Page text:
The First Half Mile – Solo
Slowly, I gained ground. Swimmers from all directions crashed into each other. This is where my opening strategy failed. On the starting line I was positioned on the East (right hand side) of the swimmers. My targeting point was the West most boat (left hand side) on the kayak line. Most of the other swimmers were headed straight for the center of the kayak line. That meant that while I was swimming straight north, 70% of the other swimmers were headed North East cutting into me at acute angles.
Swimmers, current, and waves from all angles pounded me until I eventually reached the starting line. Other kayaks seaching for their swimmers crossed over me. I reached my kayakers almost by accident. There was so much chop that I never accurately saw them until I heard Kevin yell out at me. I was very relieved at finding them.
There was no time to stand on the sandbar and rest. It felt like I was the last to arrive at this beginning checkpoint. It took me significantly longer than the 15 minute 1/2 mile time I had been running. Topping it all off, my tinted goggles also failed in the mix. The right eye was seeping through. Now that the adrenaline of starting a race was wearing off, my body was exhausted from the effort of the first 11th of the race.
The Second Half Mile – Paired
Now that I had found my kayakers, it was time to start the race. I was already more tired now that I was when I completed a solo 2 mile race at Mountain Island Lake in North Carolina several weeks earlier. It was disheartening to realize that I still had 4.75 miles left to go on an angry ocean!
Kevin and my Dad aimed the kayak toward the first mile marker check in. We were to pass through gates set up by manned powerboats and yell out our numbers as we passed through. Since I was fighting for breath with each stroke, I hoped that my kayakers planned on doing the talking for me.
If anything, the chop got rougher after the sandbar. I could feel the full force of the angry Atlantic ocean pushing through Fire Island Inlet. Waves from all directions hammered me. I could not swim straight on plane and drive with my torso for an efficient stroke. When I would breath on my glide, I would get a face and mouth full of water. Sometimes the force of the waves would toss me over on to my back or stand me straight upright like I was trying to swim to the sky.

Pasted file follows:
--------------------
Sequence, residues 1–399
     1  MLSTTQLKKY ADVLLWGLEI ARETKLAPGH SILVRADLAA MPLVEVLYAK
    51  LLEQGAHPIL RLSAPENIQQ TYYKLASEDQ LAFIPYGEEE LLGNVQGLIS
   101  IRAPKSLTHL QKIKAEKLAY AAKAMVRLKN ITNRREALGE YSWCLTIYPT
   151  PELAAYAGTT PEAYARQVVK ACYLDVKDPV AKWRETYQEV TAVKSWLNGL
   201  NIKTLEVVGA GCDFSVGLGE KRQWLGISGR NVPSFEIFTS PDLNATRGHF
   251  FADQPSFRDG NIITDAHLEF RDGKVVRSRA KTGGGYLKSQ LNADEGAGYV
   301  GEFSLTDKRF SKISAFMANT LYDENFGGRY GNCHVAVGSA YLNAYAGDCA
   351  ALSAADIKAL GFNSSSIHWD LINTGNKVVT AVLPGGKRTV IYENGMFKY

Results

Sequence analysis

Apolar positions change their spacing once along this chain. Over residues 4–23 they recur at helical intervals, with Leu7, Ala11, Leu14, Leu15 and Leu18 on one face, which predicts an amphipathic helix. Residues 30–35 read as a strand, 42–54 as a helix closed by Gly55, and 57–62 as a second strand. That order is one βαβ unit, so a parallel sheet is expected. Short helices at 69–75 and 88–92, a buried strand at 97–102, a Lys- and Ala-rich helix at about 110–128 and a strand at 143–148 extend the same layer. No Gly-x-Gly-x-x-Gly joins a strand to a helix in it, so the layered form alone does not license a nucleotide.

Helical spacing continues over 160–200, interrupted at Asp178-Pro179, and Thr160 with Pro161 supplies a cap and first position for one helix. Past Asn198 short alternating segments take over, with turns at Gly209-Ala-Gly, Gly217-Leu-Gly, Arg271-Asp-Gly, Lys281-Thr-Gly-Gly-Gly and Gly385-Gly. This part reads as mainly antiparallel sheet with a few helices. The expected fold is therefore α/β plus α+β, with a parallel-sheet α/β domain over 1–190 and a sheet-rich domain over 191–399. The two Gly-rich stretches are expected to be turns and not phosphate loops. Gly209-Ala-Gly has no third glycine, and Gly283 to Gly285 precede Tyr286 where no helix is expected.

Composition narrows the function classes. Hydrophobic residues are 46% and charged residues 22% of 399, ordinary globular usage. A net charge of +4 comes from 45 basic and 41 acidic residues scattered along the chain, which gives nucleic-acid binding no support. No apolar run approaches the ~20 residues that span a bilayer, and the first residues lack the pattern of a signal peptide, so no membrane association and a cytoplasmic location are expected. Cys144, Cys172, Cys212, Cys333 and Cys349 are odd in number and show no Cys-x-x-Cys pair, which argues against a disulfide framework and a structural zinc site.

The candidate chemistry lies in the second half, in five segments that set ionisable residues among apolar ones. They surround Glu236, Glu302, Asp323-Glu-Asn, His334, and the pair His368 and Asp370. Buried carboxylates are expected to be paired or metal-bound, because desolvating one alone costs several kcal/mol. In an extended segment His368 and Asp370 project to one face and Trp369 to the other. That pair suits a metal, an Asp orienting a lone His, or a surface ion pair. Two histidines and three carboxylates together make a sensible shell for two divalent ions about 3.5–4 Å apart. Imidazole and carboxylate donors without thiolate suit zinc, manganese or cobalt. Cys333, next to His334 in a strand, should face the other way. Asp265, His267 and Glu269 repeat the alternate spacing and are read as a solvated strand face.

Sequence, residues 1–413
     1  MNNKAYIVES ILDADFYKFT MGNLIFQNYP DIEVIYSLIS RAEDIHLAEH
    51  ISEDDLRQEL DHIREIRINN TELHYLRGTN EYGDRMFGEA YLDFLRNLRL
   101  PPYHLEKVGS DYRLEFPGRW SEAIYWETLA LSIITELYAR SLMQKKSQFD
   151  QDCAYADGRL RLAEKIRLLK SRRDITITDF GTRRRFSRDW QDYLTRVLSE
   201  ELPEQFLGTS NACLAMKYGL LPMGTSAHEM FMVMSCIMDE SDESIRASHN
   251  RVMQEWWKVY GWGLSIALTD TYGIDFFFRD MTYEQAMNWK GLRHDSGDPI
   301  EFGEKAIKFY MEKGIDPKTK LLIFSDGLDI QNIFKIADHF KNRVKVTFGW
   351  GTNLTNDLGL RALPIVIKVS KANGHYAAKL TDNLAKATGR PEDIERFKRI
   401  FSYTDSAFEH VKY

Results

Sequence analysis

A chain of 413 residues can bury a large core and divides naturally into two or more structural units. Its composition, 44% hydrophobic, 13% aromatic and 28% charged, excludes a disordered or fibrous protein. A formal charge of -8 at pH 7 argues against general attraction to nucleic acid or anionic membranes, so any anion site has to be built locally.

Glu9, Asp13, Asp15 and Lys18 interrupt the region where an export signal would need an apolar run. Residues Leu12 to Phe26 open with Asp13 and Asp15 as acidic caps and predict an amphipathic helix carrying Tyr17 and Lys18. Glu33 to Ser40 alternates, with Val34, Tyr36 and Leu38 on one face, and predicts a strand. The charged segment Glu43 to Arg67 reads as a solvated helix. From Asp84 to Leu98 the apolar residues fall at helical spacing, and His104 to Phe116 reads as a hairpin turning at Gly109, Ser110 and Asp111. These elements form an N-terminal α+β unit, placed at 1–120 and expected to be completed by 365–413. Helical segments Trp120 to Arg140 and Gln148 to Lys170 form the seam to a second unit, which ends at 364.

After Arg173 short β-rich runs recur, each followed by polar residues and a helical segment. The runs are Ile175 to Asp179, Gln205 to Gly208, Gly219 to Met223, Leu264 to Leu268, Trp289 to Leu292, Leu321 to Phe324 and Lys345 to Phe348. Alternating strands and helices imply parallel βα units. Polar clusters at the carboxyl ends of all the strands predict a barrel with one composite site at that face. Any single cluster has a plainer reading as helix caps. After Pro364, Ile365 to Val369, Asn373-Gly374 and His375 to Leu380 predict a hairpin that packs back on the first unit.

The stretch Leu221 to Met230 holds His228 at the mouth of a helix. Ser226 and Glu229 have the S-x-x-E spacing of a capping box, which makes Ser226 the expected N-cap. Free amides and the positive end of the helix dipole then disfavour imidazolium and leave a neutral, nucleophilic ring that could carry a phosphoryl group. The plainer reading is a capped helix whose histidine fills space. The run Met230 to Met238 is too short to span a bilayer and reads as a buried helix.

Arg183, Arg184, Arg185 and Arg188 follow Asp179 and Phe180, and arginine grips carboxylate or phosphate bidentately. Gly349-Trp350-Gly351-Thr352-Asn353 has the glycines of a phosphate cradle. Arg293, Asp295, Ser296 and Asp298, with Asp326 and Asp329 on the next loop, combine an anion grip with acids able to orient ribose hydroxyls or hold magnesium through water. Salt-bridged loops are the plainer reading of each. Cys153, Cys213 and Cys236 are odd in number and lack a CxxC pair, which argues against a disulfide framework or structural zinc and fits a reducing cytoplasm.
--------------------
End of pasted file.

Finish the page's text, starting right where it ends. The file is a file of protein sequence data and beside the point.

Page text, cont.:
You are trained to not try and force a breath when you are swimming. If a wave hits you and you get a mouthful of water when you try to breathe, you just continue your stroke, spit the water out, and try to breathe next stroke. That’s the good thing about swimming long distance; you get many, many opportunities to make the next stroke better than your last and to keep making progress. Unfortunately, in really rough seas, you are forced to stop your momentum and lift your head straight out of the water to catch your breath. Not really the most efficient way of doing things.
When we finally did reach the first mile marker, Kevin yelled out my number and told me my time. It had been an hour since I had left shore. It felt like a millennium. That was twice my expected time. At this pace I would never possibly finish. one mile per hour would put me in at five and a half hours and I didn’t think that I could last that long. I was beaten and sore from the waves. I was nauseous from being spun around, bobbing up and down, and swallowing so much salt water. I was not sure that I was going to be able to keep going.
Luckily, I didn’t have to decide whether to keep going. All I had to do was keep going for as long as I could. I remember thinking that I had already trained 18 months for this day and that while my training must not have been good, hard, or strict enough, I was going to have to finish anyway. 1 mile was not enough to make me quit. Maybe 2 miles would. I didn’t know. I set my sites on the 2nd mile marker and kept swimming.